Root Planing and Scaling for Gum Disease
Treatment Overview Back to top
Root planing and scaling is one of the most effective ways to treat gum disease before it becomes severe. Root planing and scaling cleans between the gums and the teeth down to the roots. Your dentist may need to use a local anesthetic to numb your gums and the roots of your teeth.
Some dentists and dental hygienists will use an ultrasonic tool for the planing and scaling. This tool is not as uncomfortable as a standard scraping tool, but not all cleanings require this type of tool.
Your dentist may place antibiotic fibers into the pockets between your teeth and gums. The antibiotic will help speed healing and prevent infection. The dentist will remove the fibers about 1 week after the procedure.
What To Expect After Treatment Back to top
If anesthesia is used, your lips and gums may remain numb for a few hours. Planing and scaling causes little or no discomfort.
Why It Is Done Back to top
Root planing and scaling is done when gums have either started to pull away from the teeth or the roots of the teeth have hard mineral deposits (tartar) on them.
How Well It Works Back to top
If you maintain good dental care after the procedure, the progression of gum disease should stop. And your gums will heal and become firm and pink again.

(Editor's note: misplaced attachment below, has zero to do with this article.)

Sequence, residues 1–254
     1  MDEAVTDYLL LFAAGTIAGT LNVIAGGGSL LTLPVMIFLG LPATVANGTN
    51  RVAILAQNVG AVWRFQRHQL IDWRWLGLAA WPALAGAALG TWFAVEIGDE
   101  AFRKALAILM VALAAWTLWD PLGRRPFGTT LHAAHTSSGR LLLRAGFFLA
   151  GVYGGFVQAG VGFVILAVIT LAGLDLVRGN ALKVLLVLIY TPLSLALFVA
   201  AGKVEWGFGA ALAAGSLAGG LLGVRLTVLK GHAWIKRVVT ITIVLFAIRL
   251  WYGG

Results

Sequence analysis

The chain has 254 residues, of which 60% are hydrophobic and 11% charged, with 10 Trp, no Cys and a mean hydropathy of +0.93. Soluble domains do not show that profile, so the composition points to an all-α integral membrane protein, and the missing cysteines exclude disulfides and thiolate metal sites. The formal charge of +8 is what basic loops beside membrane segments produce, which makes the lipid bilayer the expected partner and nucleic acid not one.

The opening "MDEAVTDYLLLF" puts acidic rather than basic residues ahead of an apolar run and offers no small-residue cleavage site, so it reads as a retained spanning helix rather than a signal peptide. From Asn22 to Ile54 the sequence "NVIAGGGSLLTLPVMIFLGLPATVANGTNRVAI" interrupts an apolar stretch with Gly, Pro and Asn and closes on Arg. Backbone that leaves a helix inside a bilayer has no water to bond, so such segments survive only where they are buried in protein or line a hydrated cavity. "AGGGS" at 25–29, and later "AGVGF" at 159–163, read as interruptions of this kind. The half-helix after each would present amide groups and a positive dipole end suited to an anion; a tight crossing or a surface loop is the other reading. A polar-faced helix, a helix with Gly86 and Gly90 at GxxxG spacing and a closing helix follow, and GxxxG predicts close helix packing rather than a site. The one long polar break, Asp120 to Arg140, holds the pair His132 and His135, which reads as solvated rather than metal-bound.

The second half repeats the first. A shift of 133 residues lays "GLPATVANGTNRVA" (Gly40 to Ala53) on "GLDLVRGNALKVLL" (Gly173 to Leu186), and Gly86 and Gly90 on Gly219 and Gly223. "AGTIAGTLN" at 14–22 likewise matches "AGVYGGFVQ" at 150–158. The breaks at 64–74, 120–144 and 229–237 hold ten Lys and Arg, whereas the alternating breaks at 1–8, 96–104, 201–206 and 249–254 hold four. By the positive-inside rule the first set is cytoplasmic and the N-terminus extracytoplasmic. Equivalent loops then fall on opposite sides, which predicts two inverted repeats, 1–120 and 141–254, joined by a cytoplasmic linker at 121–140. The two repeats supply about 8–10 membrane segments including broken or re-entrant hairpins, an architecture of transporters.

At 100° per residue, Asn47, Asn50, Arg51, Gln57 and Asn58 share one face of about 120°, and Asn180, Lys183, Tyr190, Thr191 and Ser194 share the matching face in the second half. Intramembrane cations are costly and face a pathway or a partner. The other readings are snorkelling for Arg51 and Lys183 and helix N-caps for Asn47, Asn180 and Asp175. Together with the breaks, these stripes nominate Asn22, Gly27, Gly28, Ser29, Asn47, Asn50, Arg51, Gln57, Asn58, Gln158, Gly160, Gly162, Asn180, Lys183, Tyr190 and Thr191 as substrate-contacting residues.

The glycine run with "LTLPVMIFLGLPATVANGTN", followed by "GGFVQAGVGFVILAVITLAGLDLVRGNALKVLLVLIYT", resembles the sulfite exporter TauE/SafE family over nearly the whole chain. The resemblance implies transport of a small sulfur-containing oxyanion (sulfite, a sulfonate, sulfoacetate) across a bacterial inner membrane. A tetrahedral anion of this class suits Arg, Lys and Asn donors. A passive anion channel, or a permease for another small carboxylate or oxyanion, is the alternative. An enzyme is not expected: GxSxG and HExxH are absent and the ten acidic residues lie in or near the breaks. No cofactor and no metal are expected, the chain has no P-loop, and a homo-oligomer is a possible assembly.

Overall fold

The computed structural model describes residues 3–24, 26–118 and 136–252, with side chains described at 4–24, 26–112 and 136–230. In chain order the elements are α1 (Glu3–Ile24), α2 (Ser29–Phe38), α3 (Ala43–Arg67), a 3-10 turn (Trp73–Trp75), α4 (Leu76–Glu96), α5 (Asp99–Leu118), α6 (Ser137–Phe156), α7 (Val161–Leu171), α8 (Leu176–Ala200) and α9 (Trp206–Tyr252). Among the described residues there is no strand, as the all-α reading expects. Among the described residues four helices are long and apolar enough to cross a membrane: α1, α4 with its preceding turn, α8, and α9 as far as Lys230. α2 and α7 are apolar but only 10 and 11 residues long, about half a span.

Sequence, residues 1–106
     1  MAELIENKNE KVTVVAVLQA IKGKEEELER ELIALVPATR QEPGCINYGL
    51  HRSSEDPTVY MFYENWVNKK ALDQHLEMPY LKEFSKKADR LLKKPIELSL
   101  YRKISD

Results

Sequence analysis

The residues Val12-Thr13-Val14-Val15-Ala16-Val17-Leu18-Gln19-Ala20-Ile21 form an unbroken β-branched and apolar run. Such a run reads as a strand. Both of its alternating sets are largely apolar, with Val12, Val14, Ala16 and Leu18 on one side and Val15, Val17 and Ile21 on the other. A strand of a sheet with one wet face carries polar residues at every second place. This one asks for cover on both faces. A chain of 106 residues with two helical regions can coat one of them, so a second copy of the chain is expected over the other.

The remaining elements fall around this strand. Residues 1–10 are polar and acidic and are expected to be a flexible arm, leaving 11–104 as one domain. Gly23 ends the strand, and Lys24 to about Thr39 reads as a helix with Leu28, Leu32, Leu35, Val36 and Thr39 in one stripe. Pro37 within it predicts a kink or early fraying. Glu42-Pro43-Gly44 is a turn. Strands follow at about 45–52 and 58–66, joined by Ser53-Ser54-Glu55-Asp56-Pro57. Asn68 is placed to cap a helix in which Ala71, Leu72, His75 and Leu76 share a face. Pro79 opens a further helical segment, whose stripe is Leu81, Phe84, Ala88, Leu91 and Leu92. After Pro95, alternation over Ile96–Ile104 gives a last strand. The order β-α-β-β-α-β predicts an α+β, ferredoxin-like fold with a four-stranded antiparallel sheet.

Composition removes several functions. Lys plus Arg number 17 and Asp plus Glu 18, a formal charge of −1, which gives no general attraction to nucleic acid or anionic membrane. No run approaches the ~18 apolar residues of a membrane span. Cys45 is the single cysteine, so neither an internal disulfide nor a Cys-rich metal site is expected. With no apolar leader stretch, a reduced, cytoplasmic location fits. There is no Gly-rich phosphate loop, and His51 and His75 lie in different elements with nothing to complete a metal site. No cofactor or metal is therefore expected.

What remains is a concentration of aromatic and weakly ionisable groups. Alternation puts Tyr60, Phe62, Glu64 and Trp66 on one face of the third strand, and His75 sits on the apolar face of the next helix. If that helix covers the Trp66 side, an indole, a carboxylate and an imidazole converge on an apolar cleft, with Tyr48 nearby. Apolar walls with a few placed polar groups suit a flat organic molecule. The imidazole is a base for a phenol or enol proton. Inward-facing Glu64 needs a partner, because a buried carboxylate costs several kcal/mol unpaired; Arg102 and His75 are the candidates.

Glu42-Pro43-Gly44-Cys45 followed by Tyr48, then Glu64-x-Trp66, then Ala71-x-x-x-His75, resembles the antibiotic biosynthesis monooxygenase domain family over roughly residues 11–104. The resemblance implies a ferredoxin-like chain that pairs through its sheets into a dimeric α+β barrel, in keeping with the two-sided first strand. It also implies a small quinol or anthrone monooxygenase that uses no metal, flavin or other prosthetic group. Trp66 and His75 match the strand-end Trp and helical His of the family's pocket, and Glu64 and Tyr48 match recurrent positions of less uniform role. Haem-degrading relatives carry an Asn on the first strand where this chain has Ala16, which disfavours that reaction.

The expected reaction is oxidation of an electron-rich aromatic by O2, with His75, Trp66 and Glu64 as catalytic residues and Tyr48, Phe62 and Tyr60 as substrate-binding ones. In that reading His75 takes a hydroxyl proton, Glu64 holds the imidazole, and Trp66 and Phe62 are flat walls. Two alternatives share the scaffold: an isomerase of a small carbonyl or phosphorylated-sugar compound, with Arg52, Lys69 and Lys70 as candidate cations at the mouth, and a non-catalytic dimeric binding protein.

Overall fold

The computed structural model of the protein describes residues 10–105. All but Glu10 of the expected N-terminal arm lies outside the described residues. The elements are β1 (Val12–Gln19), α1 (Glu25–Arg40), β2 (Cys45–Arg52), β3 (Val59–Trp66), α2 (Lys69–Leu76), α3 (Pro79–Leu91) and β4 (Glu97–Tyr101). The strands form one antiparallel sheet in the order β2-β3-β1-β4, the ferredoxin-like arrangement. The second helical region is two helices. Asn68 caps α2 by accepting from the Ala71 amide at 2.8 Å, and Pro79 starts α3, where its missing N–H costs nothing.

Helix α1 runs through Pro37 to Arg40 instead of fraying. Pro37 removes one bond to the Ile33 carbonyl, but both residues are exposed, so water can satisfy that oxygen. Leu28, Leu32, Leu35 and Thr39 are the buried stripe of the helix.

Risks Back to top
Root planing and scaling can introduce harmful bacteria into the bloodstream. Gum tissue is also at risk of infection. You may need to take antibiotics before and after surgery if you have a condition that puts you at high risk for a severe infection or if infections are particularly dangerous for you. You may need to take antibiotics if you:
What To Think About Back to top
- Root planing and scaling is a simple procedure that can work very well to stop gum disease.
- Brush and floss regularly afterward. Without proper dental care, your gum disease may progress.
- To promote healing, stop all use of tobacco. Smoking or using spit tobacco reduces your ability to fight infection of your gums and delays healing. To learn more, see the topic Quitting Smoking.
Credits Back to top
|Primary Medical Reviewer||Kathleen Romito, MD - Family Medicine|
|Primary Medical Reviewer||Adam Husney, MD - Family Medicine|
|Specialist Medical Reviewer||Steven K. Patterson, BS, DDS, MPH - Dentistry|
|Last Revised||August 5, 2011|
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